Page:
But Page also observed there is now a wealth of experience within the Aussie camp: “When you look at all the other medallists, the five of us have known each other for a very long time and then you look at Elise [Rechichi] and Belinda [Stowell] as well [the 470 Women's crew] – they have been in the team and they are previous gold medallists, so the experience we have is really great and it has really been shared between all of us and our different styles and it has made us stronger.”

Yachting Australia CEO Phil Jones has a more simple explanation: “I know this sounds tripe, but I think we have just got talented athletes. We have got people like Nathan Outteridge and Tom Slingsby – they just love sailing and are really good at it. There is a temptation within Olympic campaigns to go ‘this is what we do, let’s just do this’ and for people who are talented and enjoy doing it, that is a mistake.” Both Outteridge and Slingsby have been campaigning Moths and both are involved in the America’s Cup, Outteridge as Team Korea’s helm, Slingsby with Oracle Team USA.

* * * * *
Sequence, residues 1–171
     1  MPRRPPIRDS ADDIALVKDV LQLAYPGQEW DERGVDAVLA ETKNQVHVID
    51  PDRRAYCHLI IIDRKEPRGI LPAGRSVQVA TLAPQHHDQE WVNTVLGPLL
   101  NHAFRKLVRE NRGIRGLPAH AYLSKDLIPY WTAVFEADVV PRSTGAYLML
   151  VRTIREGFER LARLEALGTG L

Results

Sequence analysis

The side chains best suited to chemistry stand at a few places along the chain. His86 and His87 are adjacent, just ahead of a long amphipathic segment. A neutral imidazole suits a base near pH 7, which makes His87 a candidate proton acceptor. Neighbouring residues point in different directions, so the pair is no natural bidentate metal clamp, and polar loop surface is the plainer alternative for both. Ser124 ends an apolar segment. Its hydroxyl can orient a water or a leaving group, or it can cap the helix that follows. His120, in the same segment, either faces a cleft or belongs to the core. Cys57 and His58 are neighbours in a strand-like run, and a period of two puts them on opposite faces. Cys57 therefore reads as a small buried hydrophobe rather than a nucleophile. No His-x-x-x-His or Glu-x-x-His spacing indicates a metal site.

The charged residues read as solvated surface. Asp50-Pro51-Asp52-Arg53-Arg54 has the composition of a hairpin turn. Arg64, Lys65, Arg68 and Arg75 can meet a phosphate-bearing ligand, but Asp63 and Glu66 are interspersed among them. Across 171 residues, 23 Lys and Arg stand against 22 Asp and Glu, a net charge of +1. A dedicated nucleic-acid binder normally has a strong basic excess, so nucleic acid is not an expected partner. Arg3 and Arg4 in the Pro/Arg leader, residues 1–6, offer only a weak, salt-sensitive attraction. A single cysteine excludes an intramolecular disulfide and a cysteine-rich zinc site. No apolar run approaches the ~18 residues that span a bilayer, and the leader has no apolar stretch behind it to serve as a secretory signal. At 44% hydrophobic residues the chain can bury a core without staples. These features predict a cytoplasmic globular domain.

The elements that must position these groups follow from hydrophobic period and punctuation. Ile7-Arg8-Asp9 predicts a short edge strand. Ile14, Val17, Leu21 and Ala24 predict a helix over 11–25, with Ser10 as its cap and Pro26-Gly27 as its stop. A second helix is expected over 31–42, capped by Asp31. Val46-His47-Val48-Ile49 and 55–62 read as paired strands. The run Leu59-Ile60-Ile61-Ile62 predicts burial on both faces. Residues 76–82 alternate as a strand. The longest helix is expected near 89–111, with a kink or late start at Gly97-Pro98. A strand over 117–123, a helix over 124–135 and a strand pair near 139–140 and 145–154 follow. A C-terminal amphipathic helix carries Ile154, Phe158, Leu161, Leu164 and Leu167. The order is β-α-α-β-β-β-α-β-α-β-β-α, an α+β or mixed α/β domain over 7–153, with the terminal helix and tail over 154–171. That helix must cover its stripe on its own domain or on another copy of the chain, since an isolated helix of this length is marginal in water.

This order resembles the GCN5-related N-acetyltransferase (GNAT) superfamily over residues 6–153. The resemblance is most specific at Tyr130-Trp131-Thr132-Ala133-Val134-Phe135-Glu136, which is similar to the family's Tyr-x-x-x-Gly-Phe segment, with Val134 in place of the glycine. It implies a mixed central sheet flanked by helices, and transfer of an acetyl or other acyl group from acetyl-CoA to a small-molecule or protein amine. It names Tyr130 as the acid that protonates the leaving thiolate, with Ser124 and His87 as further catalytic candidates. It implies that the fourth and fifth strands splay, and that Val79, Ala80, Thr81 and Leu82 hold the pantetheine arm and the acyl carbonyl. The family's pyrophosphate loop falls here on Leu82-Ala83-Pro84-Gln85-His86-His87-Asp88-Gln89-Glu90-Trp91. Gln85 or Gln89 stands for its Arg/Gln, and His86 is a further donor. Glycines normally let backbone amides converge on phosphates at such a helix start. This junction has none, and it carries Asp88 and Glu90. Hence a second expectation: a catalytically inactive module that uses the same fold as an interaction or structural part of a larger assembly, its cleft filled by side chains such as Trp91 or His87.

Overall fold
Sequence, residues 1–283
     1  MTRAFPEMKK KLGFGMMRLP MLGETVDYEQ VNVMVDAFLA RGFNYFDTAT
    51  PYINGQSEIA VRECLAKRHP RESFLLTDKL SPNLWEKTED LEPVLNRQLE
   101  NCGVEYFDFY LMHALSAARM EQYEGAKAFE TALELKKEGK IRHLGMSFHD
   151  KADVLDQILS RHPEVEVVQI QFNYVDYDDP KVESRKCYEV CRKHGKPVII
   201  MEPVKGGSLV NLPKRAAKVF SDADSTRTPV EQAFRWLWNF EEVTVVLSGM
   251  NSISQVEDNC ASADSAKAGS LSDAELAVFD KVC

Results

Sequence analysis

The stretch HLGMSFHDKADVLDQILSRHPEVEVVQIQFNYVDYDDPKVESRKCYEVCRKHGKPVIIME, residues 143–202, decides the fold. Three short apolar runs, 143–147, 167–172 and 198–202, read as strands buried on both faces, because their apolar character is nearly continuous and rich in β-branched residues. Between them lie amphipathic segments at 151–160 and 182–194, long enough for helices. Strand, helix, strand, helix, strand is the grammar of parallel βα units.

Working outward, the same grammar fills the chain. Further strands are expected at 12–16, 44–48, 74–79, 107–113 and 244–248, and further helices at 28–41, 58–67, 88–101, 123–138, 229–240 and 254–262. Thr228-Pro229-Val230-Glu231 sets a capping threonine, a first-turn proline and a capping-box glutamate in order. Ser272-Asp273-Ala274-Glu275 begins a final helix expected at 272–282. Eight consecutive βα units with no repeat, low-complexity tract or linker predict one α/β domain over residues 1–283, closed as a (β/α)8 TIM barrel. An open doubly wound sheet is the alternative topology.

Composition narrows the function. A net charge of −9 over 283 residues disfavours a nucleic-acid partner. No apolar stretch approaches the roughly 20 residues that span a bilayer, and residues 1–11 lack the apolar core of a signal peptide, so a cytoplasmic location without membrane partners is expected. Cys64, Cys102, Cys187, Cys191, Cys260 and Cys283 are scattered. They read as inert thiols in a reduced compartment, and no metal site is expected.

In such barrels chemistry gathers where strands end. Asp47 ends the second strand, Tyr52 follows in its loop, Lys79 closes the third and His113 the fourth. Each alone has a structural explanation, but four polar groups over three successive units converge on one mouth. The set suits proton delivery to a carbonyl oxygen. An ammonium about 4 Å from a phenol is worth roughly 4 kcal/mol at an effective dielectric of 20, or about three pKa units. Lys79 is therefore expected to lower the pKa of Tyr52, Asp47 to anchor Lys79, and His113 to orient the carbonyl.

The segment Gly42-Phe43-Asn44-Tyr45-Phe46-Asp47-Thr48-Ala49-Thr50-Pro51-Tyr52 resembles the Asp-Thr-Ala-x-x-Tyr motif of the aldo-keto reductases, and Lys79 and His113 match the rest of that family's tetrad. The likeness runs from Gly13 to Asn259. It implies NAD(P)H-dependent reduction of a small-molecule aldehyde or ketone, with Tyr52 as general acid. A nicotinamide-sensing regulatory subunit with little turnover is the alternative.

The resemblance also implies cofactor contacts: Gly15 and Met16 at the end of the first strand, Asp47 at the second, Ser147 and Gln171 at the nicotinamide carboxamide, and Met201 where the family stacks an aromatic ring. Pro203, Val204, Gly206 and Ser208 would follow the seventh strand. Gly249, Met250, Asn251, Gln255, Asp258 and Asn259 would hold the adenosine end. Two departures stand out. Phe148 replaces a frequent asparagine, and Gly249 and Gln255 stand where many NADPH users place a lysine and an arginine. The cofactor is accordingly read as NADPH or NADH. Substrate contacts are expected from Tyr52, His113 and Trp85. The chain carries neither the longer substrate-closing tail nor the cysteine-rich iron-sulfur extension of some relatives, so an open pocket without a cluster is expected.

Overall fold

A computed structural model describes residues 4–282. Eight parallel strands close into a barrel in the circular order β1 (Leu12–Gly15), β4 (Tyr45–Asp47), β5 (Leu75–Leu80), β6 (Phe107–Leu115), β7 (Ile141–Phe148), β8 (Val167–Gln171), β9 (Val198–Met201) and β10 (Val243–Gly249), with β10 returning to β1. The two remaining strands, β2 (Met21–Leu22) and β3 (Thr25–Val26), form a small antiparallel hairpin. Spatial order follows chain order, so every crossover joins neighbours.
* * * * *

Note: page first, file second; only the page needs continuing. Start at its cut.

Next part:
“I just think they learn different things from sailing different boats. We don’t force people to do it and it is something that makes it hard to manage,” says Jones.

All three of the dominant Aussie teams had been consistently winning regattas leading up to the Olympics, all of them were multiple World Champions, as Ben Ainslie was in the Finn, but this had also been the case in 2008 and after their Beijing experience there was still no sense of certainty of the outcome coming into London 2012.

Compared to Beijing, the Australian sailors certainly felt more at home in Weymouth’s mostly big conditions that paid those with grunt and who were best at boat handling. In addition, as Malcolm Page observes, with pretty much the same sailors returning (with the exception of Mat Belcher replacing Nathan Wilmot on the helm of the 470) the sailors were four years older and wiser entering this Games with more Olympic experience than they had had in China.